Learning Your MG Triggers

Reviewed by: HU Medical Review Board | Last reviewed: March 2021

One of the traits myasthenia gravis (MG) shares with other chronic autoimmune conditions like multiple sclerosis and lupus is that certain things can trigger flares. Figuring out what triggers your MG is an important way to help manage your disease.1-3

What is an MG trigger?

Most people with MG find that they have times when their disease flares or gets worse. This is followed by times when the symptoms improve or go away completely.

A trigger can be anything that makes your MG symptoms like muscle weakness or fatigue worse. Triggers can be something in your environment, anything you eat or drink, or how you feel emotionally.

Signs that your MG is getting worse include:2

  • Trouble swallowing or speaking
  • Trouble breathing or shortness of breath
  • Trouble walking or holding onto things
  • Droopy eyelids or double vision
  • Feeling very tired

Common MG triggers

Some triggers are common to most people with myasthenia gravis, while others are unique to the person. Some of the best-known MG triggers are:1,2

  • Overdoing it or not getting enough sleep
  • Infections, especially respiratory infections
  • Certain drugs, including beta blockers, calcium channel blockers, and some antibiotics
  • Extreme temperatures (either hot or cold) and humidity
  • Bright light or sunlight
  • Hot foods or drinks
  • Surgery
  • Pregnancy
  • Menstrual periods
  • Magnesium
  • Alcohol drinks
  • Some household cleaners, bug sprays, and pesticides
  • Quinine or tonic water
  • Physical and emotional stress

Infections and illness can increase muscle weakness for long after the illness has passed. To avoid as many infections as possible, doctors often recommend people with MG get an annual flu shot and stay current on all other vaccines.

Surgery can be especially hard on a person with MG since it stresses the body and anesthesia is complicated for people with MG. You should talk to your MG doctor if you have any upcoming surgeries about pre-surgery strategies to prevent an MG flare after surgery.3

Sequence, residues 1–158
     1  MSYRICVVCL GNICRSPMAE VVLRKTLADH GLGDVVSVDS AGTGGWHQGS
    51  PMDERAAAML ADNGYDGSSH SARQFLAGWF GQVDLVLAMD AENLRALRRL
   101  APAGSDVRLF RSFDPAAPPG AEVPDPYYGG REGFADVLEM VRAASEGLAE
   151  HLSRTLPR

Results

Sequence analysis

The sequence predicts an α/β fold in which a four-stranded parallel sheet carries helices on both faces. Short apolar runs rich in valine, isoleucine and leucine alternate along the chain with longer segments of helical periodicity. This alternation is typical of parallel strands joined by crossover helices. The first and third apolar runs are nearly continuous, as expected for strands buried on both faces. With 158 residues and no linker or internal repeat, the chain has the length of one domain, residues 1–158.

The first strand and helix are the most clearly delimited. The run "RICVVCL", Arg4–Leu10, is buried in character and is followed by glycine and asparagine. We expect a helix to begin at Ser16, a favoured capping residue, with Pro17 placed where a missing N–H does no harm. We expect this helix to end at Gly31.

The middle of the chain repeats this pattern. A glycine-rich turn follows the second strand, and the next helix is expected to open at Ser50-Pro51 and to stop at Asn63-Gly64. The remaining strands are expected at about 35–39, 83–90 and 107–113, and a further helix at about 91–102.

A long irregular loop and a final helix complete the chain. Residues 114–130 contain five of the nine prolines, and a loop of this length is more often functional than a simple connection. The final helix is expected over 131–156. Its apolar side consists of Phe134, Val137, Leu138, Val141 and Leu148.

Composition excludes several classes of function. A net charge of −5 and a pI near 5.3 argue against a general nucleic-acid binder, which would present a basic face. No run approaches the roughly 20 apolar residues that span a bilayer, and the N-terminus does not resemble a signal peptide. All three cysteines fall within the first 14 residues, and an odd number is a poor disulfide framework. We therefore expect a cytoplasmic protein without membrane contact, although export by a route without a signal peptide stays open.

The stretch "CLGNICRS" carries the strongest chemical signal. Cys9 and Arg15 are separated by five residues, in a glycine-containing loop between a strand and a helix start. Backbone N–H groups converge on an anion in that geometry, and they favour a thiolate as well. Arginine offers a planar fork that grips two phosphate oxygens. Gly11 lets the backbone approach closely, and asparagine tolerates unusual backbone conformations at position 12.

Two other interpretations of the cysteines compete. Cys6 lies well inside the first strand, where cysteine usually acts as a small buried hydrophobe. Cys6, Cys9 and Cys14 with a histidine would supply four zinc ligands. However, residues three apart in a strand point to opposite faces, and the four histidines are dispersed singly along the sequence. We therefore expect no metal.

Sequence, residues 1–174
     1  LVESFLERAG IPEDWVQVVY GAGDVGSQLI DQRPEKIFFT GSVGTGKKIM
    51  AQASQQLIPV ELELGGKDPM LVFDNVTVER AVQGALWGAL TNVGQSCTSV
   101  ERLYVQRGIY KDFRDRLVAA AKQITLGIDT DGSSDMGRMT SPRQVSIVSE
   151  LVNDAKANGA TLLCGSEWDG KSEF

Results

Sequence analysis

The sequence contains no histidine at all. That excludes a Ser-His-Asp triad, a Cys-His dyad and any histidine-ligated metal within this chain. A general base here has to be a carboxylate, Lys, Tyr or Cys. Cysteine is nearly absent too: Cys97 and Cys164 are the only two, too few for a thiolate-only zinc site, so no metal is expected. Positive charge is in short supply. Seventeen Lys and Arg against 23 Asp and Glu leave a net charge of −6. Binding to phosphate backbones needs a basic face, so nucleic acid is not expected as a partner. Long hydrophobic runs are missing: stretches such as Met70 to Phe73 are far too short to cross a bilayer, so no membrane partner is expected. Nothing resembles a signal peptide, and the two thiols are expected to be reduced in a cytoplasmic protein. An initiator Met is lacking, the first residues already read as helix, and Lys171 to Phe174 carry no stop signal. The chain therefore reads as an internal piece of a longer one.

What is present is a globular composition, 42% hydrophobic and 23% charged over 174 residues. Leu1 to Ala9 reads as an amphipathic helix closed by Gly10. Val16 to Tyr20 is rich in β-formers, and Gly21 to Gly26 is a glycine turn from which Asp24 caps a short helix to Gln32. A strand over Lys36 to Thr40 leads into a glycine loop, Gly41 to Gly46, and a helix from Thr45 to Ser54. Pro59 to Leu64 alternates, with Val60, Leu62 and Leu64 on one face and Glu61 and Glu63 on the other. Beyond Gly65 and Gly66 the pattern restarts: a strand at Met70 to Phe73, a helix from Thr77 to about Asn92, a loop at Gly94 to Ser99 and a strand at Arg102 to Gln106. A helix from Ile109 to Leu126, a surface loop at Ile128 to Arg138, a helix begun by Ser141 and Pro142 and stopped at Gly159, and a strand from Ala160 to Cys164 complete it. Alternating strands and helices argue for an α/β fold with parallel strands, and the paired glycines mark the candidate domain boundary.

Tracking your symptoms

Like everything else with myasthenia gravis, everyone’s triggers are different and may change over time. Some people need extra sleep to stay healthy, while others must avoid hot coffee.

A symptom diary is the best way to figure out what triggers your muscle weakness and whether those triggers are changing over time. A symptom diary should include a daily record of:3

  • Your symptoms by time of day
  • What you were doing before the symptoms flared
  • If you took any drugs, or did anything else like rest, to treat your symptoms
  • Whether treatment made the weakness better and how quickly it worked

You should also record when you feel at your best and worst each day. After some time, you will begin to notice patterns to your triggers and what treatment options work best for you. Once you know your triggers you can take steps to avoid them.

You may also want to keep track of how much exercise you get and what types, and what you eat and drink. This information may give you clues for things in your lifestyle that may help or aggravate your MG symptoms.

The Myasthenia Gravis Foundation of America offers a free app, myMG, that many people use to track their disease. There are several other healthy diary apps available for free or at low cost that you can use to track your disease, your medicines, and more.

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